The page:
Forget Princeton or the Sorbonne - British students will have more opportunities to study at African universities if plans being discussed among Commonwealth student-mobility specialists come to fruition.
Signs of a greater commitment to the Commonwealth Scholarship and Fellowship Plan (CSFP)by African universities could see the end of the virtual monopoly of awards being taken up in the developed nations.
Twelve Commonwealth countries were represented at talks in London this week to review how to position the scheme in line with the agenda established at the Halifax, Nova Scotia, conference of Commonwealth education ministers, held last November.
Cameroon, one of the newest Commonwealth member states, has pledged two scholarships for next year, while Nigeria, which was suspended from the Commonwealth after the execution of human-rights activist Ken Saro-Wiwa, has indicated it will resume its scholarship programme soon. Mauritius also made a commitment to the plan during the Halifax conference.
There is interest in the scheme from the University of Natal in Durban, South Africa, and from Uganda, where Makerere University is undergoing a resurgence after a period of decline.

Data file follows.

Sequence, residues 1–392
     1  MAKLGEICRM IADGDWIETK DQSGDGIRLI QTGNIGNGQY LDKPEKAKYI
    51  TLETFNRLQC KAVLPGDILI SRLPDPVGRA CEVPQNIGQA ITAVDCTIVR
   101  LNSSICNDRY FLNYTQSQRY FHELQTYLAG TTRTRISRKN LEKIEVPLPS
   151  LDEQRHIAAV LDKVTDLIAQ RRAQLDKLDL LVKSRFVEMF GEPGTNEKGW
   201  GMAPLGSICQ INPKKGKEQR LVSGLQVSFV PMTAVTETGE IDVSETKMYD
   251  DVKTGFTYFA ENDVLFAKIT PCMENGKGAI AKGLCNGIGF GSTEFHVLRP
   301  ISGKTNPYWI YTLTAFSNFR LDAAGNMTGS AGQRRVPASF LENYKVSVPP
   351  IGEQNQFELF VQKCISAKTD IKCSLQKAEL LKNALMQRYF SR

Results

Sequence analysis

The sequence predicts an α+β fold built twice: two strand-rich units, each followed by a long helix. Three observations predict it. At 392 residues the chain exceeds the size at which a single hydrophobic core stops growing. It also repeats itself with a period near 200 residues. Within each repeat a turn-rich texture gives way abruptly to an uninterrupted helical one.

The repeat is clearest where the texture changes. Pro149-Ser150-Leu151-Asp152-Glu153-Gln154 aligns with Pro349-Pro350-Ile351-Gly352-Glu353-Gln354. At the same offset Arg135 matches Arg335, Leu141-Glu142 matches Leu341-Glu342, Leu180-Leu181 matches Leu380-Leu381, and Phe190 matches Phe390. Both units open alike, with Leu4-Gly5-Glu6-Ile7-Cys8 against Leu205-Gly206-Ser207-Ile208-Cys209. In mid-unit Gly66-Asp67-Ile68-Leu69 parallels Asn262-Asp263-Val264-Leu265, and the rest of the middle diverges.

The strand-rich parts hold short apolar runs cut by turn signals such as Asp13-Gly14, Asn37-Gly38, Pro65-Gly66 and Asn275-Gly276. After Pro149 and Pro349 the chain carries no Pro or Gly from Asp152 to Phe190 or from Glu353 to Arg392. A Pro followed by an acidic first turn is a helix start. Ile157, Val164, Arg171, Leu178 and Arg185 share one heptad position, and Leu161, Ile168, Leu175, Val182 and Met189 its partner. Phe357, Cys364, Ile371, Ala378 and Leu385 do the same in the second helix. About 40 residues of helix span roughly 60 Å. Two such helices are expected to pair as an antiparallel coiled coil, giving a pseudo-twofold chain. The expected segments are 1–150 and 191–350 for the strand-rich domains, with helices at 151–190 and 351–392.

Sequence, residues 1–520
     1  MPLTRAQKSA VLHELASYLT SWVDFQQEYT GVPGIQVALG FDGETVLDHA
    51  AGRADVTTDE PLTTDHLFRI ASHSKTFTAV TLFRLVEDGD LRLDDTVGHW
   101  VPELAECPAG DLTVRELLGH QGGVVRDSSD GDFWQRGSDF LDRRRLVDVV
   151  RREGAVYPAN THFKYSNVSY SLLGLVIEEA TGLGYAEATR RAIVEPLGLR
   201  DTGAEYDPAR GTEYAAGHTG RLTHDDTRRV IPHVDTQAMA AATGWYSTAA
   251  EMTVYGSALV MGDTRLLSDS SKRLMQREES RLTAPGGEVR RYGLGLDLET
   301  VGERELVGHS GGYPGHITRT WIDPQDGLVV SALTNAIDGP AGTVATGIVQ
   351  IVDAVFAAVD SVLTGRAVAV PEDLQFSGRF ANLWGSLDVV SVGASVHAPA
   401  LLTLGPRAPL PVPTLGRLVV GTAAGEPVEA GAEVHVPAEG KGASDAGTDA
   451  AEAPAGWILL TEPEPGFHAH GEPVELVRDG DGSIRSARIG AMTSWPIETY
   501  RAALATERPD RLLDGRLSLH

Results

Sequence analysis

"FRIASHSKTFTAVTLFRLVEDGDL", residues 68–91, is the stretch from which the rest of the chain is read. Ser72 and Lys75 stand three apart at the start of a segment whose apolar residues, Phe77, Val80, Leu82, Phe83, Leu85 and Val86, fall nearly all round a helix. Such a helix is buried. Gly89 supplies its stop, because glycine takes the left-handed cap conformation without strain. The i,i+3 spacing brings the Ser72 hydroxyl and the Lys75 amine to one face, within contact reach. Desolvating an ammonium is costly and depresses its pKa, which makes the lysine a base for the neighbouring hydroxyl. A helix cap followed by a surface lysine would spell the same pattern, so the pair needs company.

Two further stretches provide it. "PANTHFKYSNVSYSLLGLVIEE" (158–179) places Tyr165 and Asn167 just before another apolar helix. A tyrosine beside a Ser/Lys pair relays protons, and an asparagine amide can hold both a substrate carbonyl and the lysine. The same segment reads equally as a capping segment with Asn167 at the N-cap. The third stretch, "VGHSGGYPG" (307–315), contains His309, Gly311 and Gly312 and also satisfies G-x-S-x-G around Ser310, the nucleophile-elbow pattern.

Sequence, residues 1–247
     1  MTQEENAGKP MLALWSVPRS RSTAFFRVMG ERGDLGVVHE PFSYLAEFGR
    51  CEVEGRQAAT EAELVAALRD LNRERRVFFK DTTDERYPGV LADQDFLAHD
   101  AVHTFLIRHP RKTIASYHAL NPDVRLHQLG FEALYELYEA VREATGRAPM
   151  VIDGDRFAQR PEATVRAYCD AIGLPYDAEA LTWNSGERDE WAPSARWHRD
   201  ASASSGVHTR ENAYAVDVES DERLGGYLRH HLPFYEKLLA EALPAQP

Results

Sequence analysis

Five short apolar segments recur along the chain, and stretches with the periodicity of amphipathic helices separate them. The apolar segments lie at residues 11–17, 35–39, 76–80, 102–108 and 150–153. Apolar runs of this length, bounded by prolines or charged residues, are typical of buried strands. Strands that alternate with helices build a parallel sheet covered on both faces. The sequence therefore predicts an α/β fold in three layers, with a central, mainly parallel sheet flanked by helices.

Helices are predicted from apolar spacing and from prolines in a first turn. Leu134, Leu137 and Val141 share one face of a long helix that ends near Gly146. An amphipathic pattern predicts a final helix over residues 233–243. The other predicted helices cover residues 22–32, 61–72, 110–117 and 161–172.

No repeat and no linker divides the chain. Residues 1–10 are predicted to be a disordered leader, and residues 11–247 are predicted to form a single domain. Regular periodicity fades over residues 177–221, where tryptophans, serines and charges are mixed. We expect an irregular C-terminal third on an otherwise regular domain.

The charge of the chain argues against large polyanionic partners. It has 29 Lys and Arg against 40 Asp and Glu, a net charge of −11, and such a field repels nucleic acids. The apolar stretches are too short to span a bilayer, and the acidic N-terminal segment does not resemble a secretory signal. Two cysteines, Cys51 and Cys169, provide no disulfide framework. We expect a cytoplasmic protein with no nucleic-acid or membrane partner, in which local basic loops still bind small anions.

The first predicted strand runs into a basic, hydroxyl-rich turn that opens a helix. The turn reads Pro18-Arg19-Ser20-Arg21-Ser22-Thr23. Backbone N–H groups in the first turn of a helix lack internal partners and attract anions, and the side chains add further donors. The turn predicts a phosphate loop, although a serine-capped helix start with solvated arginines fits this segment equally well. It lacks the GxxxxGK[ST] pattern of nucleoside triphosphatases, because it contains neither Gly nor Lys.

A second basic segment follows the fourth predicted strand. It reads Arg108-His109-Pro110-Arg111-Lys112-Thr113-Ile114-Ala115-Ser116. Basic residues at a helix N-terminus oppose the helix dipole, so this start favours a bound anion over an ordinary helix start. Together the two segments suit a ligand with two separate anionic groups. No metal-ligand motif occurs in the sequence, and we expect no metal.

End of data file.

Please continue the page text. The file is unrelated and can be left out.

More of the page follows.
The Halifax conference set a target of at least 14 out of the 54 Commonwealth member states offering to host scholars by 2003.
Most of the 45 British students who are overseas on scholarships - mainly as part of their doctoral studies - are in developed countries such as Canada, Australia and New Zealand, although some are in India and Jamaica. African countries have hosted scholarships in the past, but mainly during the 1960s and 1970s.
Since the conference, administrators have actively sought to revive interest in the scheme's benefits among African universities.
During April's Association of Commonwealth Universities meeting in Cyprus, the heads of all the African universities present agreed that they would seek to offer scholarships from their own resources.
John Kirkland, executive secretary of the Commonwealth Scholarship Commission UK, which administers the United Kingdom's involvement in CSFP, said: "There are many students who do voluntary service overseas from the UK.
"We should be able to identify target areas and courses where there are specialisms in Africa, or where fieldwork could be done in Africa."